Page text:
His protests and disclaimers to the contrary, Pandora is getting smoked—it's being packed into bongs and reviewed on sites such as YouTube (GOOG)—for its ability to alter the mind. Like many others, Upchurch is repackaging experimental medical chemicals for mainstream store shelves, most often with some clever double-entendre in the branding. He says he sells about 41,000 packets a month, delivering directly to 50 stores around the country and shipping the rest to five other wholesalers, some of whom use Pandora's products to create their own brands. Upchurch says he ships mostly in bulk orders for larger discounts. He projects his company will earn $2.5 million in revenue with $500,000 in profits this year, depending on what federal and state laws pass. "I think my business model is based less on charts than it is on guts, or something," he says.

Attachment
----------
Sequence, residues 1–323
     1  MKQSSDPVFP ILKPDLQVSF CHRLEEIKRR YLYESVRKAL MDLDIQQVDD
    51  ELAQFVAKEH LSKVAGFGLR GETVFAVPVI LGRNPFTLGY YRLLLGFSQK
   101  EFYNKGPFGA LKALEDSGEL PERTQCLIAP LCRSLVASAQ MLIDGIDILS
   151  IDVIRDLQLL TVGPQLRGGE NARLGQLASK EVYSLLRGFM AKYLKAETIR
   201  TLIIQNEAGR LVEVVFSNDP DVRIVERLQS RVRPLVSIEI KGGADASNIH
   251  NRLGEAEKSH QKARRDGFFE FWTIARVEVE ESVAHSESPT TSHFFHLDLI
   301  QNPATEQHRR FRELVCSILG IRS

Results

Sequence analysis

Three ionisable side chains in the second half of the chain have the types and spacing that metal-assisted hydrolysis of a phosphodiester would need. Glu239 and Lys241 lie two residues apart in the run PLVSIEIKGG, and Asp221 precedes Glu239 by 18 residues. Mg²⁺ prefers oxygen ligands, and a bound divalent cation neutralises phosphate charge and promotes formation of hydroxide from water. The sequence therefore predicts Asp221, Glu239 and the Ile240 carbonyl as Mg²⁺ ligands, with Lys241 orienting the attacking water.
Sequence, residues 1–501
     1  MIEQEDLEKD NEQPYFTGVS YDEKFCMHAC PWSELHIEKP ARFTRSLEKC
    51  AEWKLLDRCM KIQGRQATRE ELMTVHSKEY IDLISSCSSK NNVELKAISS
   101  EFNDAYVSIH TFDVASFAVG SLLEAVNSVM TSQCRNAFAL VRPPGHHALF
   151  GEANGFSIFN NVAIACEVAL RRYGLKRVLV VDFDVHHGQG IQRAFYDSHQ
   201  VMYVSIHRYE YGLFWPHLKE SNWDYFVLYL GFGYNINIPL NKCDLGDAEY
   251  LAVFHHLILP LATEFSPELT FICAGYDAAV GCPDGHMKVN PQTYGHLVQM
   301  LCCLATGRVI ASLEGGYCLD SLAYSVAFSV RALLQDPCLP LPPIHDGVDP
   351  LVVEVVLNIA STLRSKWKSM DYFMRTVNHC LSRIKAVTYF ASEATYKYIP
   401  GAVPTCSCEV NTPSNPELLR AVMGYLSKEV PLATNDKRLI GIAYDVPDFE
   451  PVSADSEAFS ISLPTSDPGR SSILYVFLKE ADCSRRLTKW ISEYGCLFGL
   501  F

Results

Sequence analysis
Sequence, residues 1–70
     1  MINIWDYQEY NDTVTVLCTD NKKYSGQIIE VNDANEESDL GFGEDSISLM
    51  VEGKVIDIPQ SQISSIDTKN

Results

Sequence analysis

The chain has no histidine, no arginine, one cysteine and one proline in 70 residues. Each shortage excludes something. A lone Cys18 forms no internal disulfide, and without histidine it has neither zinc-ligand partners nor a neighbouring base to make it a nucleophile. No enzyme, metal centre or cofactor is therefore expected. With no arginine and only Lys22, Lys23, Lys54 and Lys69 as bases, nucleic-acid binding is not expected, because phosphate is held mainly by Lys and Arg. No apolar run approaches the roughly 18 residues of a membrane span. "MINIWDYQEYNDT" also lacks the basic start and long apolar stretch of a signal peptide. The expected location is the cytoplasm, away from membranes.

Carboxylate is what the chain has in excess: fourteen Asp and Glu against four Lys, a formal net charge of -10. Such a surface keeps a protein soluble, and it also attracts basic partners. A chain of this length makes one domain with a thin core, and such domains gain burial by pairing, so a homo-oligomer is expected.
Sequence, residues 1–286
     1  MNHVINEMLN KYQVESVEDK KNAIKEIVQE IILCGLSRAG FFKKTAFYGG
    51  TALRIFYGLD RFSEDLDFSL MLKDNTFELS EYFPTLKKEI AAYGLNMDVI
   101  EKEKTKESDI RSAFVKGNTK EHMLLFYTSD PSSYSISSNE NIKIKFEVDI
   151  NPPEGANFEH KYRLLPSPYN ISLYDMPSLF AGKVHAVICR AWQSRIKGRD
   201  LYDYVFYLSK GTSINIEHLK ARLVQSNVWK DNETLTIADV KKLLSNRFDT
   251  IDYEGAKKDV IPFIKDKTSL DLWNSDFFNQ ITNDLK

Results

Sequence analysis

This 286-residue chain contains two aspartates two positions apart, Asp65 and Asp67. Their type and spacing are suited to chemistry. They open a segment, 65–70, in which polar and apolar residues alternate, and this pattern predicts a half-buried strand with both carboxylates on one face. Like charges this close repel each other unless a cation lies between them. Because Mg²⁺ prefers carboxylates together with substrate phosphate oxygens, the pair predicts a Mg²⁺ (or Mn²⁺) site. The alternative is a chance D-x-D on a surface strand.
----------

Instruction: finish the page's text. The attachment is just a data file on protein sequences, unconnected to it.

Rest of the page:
"Incense" such as Upchurch's, along with "bath salts" and even "toilet bowl cleaner," have been popping up at gas stations, convenience stores, "coffee shops" that don't sell much coffee, and adult novelty stores. Today, Upchurch's shipments—he uses UPS (UPS)—are headed to places called Jim's Party Cabin in Junction City, Kan., and the Venus Adult Superstore, in Texarkana, Ark. Instate, Upchurch sells to Coffee Wonk, a coffee shop in downtown Kansas City, Mo. There, 28-year-old owner Micah Riggs writes the names of his offerings in multiple colors on a dry erase board near the register. The packets themselves are kept beneath the counter. While Riggs doesn't mind his customers talking about how they will use the incense, he's as circumspect about what he is actually selling as Upchurch. Nearly everything he says is in code. He'll say things like, "Is this your first foray?" and "There are different potencies of aroma."

Customers report different reasons for trying Riggs's products. Some say they need to pass a drug test; synthetics do not show up in standard tests. Others are businessmen in khakis who like the idea of buying from someone they trust. Riggs claims to sell mostly to the military, soccer moms, teachers, and lots of firefighters. "I don't tell people what to do with it," Riggs says. "This is a marketer's dream. I underpromise and it overdelivers."